Ferguson grew up in a good Idaho LDS family and was given a patriarchal blessing at the age of 15 promising him that “he would do many might things to the wonderment of the world.” He attended the University of California at Berkeley where he had an interest in history, culture, and the archaeology of Mesoamerica. He received a political science degree in 1937 and, hoping to better finance his archaeological hobby, earned a law degree in 1942.
As far as the location of the Book of Mormon’s Hill Cumorah, Larson shows how the young Ferguson understood that Joseph Smith held to the “New York View,” even utilizing Smith’s supposed discovery of the bones of a white Lamanite named “Zelph.” Yet Ferguson disagreed with a possible North American setting for the Book of Mormon, saying that the “Isthmus of Tehuantepec” theory made more sense. Indeed, he held that the Book of Mormon history belonged in Mesoamerica. Today FARMS and a number of Mormons in the United States would agree with Ferguson and point south when asked where the Book of Mormon events took place. Of course, the question as to how the golden plates of the Book of Mormon ever made it 3,000+ miles away in New York is a tough issue for them to handle.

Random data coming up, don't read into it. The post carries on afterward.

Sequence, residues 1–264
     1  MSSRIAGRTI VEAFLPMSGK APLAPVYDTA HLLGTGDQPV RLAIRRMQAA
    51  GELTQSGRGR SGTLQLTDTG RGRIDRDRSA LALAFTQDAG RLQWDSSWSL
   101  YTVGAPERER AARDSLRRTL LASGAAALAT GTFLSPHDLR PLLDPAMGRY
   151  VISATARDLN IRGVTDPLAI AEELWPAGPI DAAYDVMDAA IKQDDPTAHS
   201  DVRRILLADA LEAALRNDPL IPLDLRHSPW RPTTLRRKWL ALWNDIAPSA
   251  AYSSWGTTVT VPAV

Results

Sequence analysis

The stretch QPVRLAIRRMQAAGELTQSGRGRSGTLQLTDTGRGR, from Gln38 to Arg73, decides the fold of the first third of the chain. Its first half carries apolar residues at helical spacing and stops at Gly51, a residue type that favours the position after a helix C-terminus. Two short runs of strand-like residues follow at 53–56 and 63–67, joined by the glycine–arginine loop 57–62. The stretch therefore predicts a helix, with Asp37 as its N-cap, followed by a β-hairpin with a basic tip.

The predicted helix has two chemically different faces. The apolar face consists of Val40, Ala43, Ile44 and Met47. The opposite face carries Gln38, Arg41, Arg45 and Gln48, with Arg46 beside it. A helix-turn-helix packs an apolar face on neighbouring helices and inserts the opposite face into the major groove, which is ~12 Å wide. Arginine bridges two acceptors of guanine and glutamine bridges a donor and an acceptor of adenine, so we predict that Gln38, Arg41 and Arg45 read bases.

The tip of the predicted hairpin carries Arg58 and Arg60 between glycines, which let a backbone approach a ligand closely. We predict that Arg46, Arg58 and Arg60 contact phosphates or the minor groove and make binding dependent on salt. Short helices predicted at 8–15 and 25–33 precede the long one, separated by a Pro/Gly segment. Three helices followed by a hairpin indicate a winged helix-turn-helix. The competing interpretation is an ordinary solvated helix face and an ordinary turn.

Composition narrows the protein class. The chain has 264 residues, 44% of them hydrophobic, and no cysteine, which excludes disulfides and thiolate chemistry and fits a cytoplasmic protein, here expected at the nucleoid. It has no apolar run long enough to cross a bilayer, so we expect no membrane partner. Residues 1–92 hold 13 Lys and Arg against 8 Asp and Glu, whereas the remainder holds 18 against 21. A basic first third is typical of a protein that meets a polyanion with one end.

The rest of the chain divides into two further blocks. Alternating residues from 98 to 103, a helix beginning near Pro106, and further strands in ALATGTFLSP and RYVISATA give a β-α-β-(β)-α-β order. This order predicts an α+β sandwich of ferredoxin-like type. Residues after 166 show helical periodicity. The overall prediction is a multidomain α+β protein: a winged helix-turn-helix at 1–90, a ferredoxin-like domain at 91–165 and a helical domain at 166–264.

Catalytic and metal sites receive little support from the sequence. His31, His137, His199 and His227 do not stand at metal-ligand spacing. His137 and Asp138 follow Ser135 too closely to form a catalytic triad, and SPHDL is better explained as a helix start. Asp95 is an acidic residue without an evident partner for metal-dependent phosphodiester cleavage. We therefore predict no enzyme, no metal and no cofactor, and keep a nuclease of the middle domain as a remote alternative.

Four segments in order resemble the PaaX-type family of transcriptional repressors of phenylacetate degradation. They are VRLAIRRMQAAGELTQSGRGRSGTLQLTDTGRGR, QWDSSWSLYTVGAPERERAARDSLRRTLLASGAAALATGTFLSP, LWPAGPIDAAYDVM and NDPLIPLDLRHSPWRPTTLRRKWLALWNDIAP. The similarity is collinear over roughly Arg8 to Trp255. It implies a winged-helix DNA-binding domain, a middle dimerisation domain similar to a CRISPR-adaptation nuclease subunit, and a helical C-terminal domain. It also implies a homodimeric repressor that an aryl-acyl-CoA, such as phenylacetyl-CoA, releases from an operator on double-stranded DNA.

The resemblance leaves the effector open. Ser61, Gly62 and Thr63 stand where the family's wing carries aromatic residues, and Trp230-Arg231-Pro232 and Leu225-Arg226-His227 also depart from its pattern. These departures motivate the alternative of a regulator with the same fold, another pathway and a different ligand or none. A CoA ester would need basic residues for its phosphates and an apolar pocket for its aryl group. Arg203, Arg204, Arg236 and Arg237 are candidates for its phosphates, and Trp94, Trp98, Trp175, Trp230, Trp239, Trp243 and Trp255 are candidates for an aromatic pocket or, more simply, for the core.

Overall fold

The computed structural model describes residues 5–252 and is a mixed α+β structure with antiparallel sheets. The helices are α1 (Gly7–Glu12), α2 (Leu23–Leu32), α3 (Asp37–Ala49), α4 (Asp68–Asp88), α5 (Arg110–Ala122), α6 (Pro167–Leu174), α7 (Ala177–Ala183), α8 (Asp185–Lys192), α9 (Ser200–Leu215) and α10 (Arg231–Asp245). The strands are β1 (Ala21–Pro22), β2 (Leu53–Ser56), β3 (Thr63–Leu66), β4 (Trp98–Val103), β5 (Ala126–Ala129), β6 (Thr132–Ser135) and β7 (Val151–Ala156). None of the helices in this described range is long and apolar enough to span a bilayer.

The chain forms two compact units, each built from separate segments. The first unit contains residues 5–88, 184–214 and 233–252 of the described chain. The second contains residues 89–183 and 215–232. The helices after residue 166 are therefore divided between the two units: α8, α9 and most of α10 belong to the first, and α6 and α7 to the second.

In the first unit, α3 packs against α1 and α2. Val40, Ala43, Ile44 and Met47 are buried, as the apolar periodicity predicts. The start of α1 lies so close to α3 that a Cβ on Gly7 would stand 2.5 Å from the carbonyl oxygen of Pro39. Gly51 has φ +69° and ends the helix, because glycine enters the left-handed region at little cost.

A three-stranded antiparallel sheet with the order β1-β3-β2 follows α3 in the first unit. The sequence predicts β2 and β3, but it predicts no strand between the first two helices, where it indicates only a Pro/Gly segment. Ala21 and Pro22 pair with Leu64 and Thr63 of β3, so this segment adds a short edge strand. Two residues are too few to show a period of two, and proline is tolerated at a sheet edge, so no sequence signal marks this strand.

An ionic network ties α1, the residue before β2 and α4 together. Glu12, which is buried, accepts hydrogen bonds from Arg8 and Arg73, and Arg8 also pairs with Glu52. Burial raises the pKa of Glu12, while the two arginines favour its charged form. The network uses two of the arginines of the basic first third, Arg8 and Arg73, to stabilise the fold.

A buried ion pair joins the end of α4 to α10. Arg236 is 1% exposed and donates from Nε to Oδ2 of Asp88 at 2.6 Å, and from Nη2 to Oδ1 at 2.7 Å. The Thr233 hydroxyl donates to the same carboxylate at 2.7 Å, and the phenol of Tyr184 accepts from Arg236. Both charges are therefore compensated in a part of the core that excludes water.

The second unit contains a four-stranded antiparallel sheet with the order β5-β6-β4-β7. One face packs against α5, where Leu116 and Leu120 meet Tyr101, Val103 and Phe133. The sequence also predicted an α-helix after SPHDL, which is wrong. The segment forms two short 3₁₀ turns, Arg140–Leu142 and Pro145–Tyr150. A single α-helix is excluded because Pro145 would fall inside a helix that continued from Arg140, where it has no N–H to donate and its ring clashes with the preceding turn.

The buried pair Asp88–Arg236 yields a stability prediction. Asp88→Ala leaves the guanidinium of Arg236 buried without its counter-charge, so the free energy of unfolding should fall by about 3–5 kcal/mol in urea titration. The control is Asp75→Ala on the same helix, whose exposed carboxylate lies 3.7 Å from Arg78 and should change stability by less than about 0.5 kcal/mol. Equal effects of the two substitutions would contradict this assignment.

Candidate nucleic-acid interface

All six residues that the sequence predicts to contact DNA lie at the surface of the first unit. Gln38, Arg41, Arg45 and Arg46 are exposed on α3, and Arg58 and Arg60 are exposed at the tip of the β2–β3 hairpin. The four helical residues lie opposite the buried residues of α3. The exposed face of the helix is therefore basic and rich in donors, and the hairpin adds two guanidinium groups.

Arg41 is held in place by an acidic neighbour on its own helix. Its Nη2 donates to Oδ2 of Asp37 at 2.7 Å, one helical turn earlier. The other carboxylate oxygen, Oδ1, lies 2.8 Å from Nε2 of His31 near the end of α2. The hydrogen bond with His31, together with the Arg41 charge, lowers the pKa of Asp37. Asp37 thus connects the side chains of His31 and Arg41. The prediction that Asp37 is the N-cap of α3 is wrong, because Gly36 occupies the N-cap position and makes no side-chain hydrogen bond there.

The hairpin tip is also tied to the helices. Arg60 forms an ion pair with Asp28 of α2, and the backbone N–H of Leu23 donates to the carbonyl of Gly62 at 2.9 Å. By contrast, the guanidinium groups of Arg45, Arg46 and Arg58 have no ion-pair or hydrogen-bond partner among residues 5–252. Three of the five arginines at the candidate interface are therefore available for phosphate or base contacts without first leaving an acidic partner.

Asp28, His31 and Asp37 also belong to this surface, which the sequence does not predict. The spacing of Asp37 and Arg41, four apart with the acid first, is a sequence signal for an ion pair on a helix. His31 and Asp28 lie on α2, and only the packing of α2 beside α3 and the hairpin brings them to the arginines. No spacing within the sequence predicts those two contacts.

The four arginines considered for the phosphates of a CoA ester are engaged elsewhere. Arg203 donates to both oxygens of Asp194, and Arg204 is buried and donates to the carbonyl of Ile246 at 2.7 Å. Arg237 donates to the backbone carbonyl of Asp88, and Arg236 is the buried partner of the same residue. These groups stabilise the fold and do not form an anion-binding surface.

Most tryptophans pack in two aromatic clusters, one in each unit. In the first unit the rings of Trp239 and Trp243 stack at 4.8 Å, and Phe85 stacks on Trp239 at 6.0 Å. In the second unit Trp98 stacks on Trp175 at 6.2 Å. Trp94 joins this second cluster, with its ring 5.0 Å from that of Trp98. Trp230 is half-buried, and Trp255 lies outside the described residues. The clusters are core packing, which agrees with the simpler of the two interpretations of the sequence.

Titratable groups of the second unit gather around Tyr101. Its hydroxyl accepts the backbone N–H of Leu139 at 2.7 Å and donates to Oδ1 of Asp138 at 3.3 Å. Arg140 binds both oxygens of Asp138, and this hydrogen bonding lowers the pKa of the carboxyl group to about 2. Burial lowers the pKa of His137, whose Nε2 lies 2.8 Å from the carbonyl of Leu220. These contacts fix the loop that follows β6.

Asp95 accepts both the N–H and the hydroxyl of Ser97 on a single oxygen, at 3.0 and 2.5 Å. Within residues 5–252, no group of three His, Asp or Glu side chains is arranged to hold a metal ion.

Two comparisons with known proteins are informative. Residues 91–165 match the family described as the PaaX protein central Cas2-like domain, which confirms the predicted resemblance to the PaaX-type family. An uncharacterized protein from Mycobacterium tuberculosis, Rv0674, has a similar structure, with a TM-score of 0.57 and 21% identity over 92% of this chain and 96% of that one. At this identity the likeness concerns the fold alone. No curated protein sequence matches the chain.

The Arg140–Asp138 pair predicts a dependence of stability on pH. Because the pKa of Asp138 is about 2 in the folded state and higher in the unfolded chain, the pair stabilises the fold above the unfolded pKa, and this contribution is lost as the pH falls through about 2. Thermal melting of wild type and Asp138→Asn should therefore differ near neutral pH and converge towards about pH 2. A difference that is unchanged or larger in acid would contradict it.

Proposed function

In 1951, Ferguson contacted LDS leadership to ask for $150,000 for a Mesoamerican archaeological effort over a five-year period, saying the “forthcoming artifacts will speak eloquently from the dust” to provide support to the Book of Mormon. When the church rejected the request, he resorted to raising the money through individuals. In October 1952 he founded the New World Archaeological Foundation and included LDS General Authorities Milton R. Hunter and John Widtsoe on his boards.